Oct 24

LibreOffice… OpenOffice, in a new coat…

If you don’t want to buy Microsoft Office for your computer (or, if you’re running Linux or another operating system, where Microsoft Office isn’t available), what do you for a word processor or a spreadsheet? Or a presentation module? Or even a desktop database? Well, for about ten years, the prime option has been OpenOffice. Sponsored by Sun Microsystems, when Oracle took Sun over a separate foundation span off to continue its development as a self-sufficient, self-supporting foundation, similar to the Mozilla foundation, which acts as custodian for Firefox, Thunderbird and other projects.

LibreOffice is great – it feels (according to my completely unscientific measurements) just a little bit faster and more stable than OpenOffice. The Word Processor is still very usable – the navigator function really is a step ahead of Word, allowing you to bring up a list of headings in the document and navigate around them with ease. You can also bring up a list of styles, and I dock both of these at the right hand side of the document, meaning that LibreOffice writer as a productivity tool is great – if you’re not used to Office 2007’s ribbon yet (something on which opinion is still divided), Libre Office’s familiar toolbars will provide you some comfort.

Calc, the spreadsheet module, handles most of what you will ever need to do in Excel. Even Visual Basic modules written in Excel can be converted – although with a little effort, and the presentation module supports most of what people use from PowerPoint, even if doesn’t have as many templates available.

The database module is a pretty handy little tool. While it doesn’t have a built-in database engine, and therefore can’t be considered a direct replacement for Access in that regard, it does allow the creation of forms, and connection to databases via industry-standard methods such as ODBC or JDBC.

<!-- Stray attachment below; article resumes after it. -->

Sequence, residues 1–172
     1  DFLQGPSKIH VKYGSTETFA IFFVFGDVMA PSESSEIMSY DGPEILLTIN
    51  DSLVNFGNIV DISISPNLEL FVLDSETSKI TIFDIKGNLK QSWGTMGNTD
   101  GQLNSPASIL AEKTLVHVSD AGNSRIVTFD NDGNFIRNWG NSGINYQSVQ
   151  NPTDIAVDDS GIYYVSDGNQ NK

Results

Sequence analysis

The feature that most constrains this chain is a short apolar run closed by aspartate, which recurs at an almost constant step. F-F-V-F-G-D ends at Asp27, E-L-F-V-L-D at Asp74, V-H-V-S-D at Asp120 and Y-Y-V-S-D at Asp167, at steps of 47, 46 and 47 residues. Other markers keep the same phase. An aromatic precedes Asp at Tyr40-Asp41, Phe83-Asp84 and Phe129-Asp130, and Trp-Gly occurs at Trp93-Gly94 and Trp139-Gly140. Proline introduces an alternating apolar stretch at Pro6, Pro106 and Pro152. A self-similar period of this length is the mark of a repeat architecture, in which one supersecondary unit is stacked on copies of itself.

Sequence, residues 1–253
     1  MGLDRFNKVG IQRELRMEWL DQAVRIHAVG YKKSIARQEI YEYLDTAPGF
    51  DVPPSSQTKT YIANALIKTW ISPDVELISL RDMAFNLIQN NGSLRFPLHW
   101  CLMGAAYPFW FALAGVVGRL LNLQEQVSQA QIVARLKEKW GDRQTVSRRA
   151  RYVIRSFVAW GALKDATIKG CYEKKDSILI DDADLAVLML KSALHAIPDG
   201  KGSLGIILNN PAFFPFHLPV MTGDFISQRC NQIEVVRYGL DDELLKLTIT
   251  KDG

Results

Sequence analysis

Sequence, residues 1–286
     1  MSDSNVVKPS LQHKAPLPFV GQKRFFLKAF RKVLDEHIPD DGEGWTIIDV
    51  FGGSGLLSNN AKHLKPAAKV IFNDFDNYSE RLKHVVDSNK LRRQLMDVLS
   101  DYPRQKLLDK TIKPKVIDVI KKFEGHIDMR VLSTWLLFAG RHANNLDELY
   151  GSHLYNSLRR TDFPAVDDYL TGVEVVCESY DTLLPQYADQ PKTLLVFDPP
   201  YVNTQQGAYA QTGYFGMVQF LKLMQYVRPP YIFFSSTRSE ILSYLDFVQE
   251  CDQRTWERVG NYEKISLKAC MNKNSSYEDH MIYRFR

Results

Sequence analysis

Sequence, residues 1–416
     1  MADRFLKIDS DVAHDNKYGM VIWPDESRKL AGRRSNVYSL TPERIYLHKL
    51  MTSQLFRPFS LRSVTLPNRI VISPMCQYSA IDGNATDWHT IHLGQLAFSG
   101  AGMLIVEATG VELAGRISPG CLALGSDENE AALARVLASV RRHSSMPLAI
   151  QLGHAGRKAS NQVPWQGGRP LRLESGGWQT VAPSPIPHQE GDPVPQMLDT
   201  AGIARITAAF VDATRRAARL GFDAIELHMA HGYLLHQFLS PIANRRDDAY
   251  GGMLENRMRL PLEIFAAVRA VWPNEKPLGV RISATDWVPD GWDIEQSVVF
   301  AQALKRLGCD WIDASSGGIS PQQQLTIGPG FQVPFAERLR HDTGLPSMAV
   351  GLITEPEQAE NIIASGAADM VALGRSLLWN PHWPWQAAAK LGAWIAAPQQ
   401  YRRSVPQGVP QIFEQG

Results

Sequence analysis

Whether the split was due to politics, due to continuing to pursue the agenda laid down ten years ago by Sun, or simply due to different ideas among the board members, the split has provided something interesting. For years, Sun have required that contributors donate any copyright in changes that they make to the suite back to the company (a practice that Oracle are continuing), so that they can incorporate them into the commercial product, Oracle Open Office (formerly called “Star Office”). While this makes sense from a commercial viewpoint, it’s not the usual practice for open source projects.

LibreOffice, the Document Foundation’s “fork” (as in “fork in the road”) of OpenOffice, is intended to be completely free and open, and copyright in contributions remains with the contributors, meaning that open source developers feel more comfortable contributing to the project.

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  1. avatar

    I really like the colors here on your blog. did you design this yourself or did you outsource it to a professional?

    1. avatar

      No, hand-built the way we wanted it. Not finished yet, actually, but getting there :)

  2. avatar
    Phlebotomy Certification

    My partner and I really enjoyed reading this blog post, I was just itching to know do you trade featured posts? I am always trying to find someone to make trades with and merely thought I would ask.

    1. avatar

      We haven’t yet. What exactly we could contribute to a phlebotomy site regarding free stuff I don’t know… Drop us an email at webmaster@emudir.com if you want to discuss it :)

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